31 December 2011

Arrivederci 2011, homemade tortelloni

If the road to hell truly is paved with good intentions, then I was there and back in 2011, relative to keeping my blog up to date. I ended the year with 44 posts, counting this one, which is my last. Better than last year, true. But I started out so well, with 28 posts through May. Then I had a pathetic one post in June, one in August, and only one in October.

And it’s not for lack of material. We had a fun long weekend in San Diego in November. I only did two posts (Searsucker restaurant and Solamar hotel). But I should have done posts on Blue Point, Taka Sushi, The Prado in Balboa Park, Asti, and Croce’s, all of which were great and deserved to be praised in Krik’s Picks.

But for my last post of 2011, instead of trying to reconstruct my impressions of those San Diego eateries, I’m going to post on a new cooking experience instead.

In May, Bon Appetit magazine had an Italian theme issue which included a recipe and instructions for making stuffed pasta. Coincidentally during the year, my daughter and her husband lent me their pasta machine. I’ve always had an inkling to try making fresh pasta but was intimidated by the process. So finally, over the long Christmas weekend, I decided to do it.IMG_5182

First, here’s the link to the recipe from May Bon Appetit for Ricotta Tortelloni.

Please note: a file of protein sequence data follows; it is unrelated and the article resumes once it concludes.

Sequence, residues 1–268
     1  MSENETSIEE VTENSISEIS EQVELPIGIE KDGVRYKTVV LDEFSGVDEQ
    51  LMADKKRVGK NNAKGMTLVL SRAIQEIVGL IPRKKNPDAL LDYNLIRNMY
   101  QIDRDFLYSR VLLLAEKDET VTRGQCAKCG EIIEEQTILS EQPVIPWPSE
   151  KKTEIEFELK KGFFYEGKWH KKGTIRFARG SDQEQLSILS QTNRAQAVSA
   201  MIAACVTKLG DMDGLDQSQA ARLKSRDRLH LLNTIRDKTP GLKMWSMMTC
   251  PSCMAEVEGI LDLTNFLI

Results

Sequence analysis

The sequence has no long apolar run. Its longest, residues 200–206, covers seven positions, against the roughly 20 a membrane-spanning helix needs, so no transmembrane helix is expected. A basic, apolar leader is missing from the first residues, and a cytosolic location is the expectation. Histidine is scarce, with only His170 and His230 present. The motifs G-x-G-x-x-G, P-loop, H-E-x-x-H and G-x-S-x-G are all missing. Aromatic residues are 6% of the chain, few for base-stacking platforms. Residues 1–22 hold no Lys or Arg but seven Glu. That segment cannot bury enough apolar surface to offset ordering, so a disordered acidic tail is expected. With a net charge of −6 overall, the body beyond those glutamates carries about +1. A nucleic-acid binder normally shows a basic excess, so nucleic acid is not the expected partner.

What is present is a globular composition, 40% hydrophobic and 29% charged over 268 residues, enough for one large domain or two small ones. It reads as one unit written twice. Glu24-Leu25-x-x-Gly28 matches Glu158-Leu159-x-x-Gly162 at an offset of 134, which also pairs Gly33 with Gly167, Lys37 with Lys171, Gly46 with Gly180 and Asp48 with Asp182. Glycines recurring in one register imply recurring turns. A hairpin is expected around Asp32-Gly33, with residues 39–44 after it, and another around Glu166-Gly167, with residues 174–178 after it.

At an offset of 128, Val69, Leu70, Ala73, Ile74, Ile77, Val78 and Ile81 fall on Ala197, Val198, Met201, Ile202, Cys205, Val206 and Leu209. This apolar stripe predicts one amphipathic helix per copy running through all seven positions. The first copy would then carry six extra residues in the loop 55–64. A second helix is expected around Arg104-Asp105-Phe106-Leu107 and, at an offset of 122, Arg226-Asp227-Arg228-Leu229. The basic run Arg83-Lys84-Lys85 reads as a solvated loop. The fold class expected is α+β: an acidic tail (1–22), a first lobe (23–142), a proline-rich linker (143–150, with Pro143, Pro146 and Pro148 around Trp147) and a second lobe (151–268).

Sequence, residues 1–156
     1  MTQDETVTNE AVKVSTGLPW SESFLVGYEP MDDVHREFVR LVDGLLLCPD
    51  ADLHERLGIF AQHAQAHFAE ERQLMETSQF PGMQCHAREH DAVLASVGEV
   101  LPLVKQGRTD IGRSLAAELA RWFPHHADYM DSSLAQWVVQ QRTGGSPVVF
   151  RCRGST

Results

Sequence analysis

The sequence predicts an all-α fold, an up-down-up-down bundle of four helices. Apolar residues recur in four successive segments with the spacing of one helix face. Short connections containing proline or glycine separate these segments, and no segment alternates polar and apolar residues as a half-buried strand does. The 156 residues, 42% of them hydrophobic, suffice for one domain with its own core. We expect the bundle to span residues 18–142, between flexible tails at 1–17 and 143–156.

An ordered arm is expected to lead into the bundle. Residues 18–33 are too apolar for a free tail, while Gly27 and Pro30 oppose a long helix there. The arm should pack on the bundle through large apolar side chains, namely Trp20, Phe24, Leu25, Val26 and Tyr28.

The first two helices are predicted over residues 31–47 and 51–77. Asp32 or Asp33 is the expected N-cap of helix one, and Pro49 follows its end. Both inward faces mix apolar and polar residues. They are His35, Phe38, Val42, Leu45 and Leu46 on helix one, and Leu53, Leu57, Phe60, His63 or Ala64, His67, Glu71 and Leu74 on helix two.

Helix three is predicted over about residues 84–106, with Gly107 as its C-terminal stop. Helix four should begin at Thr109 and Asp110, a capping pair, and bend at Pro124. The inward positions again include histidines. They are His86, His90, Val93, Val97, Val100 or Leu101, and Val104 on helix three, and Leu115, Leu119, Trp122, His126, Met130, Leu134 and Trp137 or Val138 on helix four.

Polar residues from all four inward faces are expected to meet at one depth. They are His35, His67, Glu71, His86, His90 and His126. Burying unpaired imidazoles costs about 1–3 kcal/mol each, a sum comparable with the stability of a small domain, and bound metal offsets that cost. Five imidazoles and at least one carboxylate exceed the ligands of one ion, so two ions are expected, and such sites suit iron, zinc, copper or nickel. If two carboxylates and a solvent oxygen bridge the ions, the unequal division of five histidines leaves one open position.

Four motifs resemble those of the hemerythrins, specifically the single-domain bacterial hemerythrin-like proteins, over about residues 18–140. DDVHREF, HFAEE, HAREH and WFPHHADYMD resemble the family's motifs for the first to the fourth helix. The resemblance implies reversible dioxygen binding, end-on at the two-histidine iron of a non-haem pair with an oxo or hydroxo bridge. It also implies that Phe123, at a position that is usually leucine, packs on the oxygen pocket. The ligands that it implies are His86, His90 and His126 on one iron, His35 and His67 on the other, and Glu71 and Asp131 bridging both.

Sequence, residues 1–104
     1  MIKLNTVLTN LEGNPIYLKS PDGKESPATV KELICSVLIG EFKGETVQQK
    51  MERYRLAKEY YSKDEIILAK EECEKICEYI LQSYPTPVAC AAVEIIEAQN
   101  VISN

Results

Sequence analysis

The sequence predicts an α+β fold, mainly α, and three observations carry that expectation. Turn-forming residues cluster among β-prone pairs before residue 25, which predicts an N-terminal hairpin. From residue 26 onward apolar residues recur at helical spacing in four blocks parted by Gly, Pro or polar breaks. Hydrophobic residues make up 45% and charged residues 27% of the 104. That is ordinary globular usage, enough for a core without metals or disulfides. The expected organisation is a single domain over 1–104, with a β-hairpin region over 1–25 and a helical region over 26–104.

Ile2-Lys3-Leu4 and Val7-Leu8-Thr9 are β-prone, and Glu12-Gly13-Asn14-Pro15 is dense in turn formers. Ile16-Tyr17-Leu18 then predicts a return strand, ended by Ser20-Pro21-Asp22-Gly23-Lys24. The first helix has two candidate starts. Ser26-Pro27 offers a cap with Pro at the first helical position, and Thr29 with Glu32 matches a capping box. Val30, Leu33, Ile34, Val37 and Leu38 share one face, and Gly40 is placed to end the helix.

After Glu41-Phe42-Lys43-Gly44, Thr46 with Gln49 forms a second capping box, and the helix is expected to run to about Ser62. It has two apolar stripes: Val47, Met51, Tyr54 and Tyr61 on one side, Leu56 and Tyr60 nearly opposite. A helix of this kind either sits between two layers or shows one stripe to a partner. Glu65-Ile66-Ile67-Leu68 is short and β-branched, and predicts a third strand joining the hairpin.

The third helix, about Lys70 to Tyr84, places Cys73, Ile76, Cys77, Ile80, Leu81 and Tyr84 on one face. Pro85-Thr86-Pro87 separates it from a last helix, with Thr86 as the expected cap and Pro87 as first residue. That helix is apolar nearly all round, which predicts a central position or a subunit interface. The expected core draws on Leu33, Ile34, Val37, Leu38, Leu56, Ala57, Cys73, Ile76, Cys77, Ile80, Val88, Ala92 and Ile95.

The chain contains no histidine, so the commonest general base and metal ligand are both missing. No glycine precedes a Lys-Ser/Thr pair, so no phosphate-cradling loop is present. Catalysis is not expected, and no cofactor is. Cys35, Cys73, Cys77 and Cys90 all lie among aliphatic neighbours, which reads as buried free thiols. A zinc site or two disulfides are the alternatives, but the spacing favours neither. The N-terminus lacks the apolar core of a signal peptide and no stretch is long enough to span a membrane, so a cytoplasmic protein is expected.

And here’s the link to their step-by-step instructions.

I also found an online video for using a pasta machine.

And I found a Giada DeLaurentiis video. (She uses a Kitchen Aid attachment rather than a hand crank roller like I got from Tovah and Peter.)

I used the pasta recipe from Bon Appetit, but I modified the filling. Instead of seasoned ricotta, I used some cooked squash, mixed in about an equal amount of ricotta and seasoned it with some dried sage.

It turned out pretty well. I was pleased by how easy it was to shape the tortelloni. I worried that the pockets would open up and the filling would get all watery when I cooked them. But that was not a problem.

The recipe says it makes enough for 12 starter courses or 6 main courses, and that was about right. My wife and I had about a third of the batch along with a green salad. We boiled and drained the tortelloni and sprinkled them with parmesan, a little olive oil, and basil. It was a light meal, but sufficient for the two of us. I froze the rest. My plan is to use the frozen tortelloni whenever I need either a quick meal or a convenient side dish.

Next time I make fresh pasta, I’m going to make fettuccini.

Happy new year. Keep reading Krik’s Picks.

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